The sustainable impact of recycling is evident. According to Waste Online (2011) statistics show that:
• by mixing shards (recycled glass) in the batch (virgin materials) a reduction of the energy consumption for melting the glass can be obtained, resulting in a reduction of the CO2 emission of approximately 315 kg per ton glass
• for each ton of shards that is recycled into the glass batch 1.2 tons of virgin materials are replaced
• by recycling the glass, clinker production from burning waste and deposition of glass is reduced
Today glass production predominantly consists of window glass, glass wool for insulation and containers such as bottles and jelly jars. Glass craft and design hold only a fraction of the market. Still there is reason to believe that generation and implementation of new knowledge about sustainability in the fields of glass craft and design is desirable since these fields according to Friedman (2004) influence trends in the patterns of consumption, through what is defined as the trickle-down effect.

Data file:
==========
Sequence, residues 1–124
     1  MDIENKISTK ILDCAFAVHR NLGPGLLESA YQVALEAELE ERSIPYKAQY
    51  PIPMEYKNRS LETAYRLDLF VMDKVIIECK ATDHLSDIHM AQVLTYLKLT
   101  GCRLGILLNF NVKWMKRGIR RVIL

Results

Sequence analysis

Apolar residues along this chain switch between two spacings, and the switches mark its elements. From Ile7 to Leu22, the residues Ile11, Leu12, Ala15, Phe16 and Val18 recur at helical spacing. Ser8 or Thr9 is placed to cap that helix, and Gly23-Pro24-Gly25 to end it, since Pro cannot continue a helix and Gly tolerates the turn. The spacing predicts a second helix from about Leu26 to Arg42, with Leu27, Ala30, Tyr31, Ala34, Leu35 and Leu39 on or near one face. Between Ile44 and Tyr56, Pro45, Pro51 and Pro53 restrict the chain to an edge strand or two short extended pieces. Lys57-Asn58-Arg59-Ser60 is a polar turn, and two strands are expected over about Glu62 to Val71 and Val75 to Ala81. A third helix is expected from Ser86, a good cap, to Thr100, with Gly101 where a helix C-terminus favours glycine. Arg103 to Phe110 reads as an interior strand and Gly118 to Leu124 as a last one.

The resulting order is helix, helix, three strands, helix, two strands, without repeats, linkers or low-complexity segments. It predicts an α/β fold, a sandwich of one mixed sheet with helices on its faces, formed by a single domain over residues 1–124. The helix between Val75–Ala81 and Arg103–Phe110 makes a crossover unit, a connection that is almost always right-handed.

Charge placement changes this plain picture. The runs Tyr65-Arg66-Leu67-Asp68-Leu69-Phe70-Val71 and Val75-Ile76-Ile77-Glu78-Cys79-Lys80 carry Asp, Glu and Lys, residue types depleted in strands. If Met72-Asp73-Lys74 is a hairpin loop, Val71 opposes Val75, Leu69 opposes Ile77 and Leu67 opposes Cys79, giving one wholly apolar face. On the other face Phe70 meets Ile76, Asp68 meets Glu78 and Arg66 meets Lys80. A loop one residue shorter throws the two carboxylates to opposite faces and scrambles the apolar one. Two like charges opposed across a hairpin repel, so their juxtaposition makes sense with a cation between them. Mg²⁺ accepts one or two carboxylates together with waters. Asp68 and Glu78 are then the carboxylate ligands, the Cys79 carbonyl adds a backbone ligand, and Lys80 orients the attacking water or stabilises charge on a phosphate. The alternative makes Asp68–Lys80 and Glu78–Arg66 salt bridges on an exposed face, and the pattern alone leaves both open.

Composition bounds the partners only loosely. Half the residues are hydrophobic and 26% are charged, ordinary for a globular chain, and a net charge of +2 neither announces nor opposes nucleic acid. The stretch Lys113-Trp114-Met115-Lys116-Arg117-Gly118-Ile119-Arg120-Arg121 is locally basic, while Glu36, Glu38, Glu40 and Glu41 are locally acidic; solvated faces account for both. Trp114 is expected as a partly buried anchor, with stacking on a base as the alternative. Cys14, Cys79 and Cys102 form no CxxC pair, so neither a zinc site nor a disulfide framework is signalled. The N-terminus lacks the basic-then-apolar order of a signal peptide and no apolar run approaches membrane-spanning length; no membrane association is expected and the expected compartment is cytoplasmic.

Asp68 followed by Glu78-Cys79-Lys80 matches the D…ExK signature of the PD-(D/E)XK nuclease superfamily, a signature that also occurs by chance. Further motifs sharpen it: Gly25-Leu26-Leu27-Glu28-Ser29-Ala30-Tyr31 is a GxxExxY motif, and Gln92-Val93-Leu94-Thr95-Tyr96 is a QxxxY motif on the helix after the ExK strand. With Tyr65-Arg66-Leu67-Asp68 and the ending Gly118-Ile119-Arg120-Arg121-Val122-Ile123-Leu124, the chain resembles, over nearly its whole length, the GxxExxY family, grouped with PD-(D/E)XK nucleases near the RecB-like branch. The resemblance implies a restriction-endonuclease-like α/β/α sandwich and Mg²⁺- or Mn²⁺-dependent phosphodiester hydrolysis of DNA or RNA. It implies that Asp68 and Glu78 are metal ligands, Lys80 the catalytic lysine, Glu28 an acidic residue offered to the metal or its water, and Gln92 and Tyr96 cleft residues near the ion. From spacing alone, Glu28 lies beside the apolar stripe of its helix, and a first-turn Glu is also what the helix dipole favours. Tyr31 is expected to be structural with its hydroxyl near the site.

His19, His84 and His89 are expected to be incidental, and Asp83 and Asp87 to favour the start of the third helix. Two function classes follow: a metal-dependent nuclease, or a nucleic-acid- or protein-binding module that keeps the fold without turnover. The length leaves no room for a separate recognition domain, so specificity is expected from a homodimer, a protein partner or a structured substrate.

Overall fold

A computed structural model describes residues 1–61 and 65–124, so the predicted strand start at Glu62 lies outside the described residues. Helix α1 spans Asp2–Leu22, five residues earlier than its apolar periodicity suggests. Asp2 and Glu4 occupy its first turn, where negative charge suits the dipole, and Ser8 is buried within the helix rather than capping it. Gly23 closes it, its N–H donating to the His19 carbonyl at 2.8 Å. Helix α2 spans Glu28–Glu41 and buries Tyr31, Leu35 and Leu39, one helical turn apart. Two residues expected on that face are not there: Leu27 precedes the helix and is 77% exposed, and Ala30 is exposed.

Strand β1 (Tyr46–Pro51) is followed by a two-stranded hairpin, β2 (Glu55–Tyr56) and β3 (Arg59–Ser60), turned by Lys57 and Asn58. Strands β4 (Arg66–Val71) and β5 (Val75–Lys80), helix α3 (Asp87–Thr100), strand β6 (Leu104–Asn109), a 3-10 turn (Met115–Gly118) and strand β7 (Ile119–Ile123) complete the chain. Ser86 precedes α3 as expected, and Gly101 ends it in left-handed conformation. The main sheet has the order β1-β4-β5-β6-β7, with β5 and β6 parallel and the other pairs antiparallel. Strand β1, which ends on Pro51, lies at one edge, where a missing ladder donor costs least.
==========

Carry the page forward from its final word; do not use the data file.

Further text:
OriginalsprogEngelsk
Publikationsdato2014
Antal sider1
StatusUdgivet - 2014
BegivenhedSustainable innovation - KADK, Design, København, Danmark
Varighed: 3 nov. 20144 nov. 2014

Konference

KonferenceSustainable innovation
LokationKADK, Design
LandDanmark
ByKøbenhavn
Periode03/11/201404/11/2014

Kunstnerisk udviklingsvirksomhed (KUV)

  • Nej

Citer dette

Sparre-Petersen, M. (2014). Sustainable Innovation of Glass Design and Craft. Abstract fra Sustainable innovation, København, Danmark.
Sparre-Petersen, Maria. / Sustainable Innovation of Glass Design and Craft. Abstract fra Sustainable innovation, København, Danmark.1 s.